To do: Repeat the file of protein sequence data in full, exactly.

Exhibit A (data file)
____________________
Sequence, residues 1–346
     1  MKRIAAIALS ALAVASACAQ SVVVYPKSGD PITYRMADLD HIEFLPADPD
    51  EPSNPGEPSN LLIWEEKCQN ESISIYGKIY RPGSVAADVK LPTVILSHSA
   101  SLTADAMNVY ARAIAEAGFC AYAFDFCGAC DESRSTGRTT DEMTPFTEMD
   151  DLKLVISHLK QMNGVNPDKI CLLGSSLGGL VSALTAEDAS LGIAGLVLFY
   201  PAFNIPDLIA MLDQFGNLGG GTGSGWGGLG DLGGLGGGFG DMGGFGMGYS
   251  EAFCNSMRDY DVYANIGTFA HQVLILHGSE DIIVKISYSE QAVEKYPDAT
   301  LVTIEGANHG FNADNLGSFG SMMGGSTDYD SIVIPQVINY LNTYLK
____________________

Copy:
Sequence, residues 1–346
     1  MKRIAAIALS ALAVASACAQ SVVVYPKSGD PITYRMADLD HIEFLPADPD
    51  EPSNPGEPSN LLIWEEKCQN ESISIYGKIY RPGSVAADVK LPTVILSHSA
   101  SLTADAMNVY ARAIAEAGFC AYAFDFCGAC DESRSTGRTT DEMTPFTEMD
   151  DLKLVISHLK QMNGVNPDKI CLLGSSLGGL VSALTAEDAS LGIAGLVLFY
   201  PAFNIPDLIA MLDQFGNLGG GTGSGWGGLG DLGGLGGGFG DMGGFGMGYS
   251  EAFCNSMRDY DVYANIGTFA HQVLILHGSE DIIVKISYSE QAVEKYPDAT
   301  LVTIEGANHG FNADNLGSFG SMMGGSTDYD SIVIPQVINY LNTYLK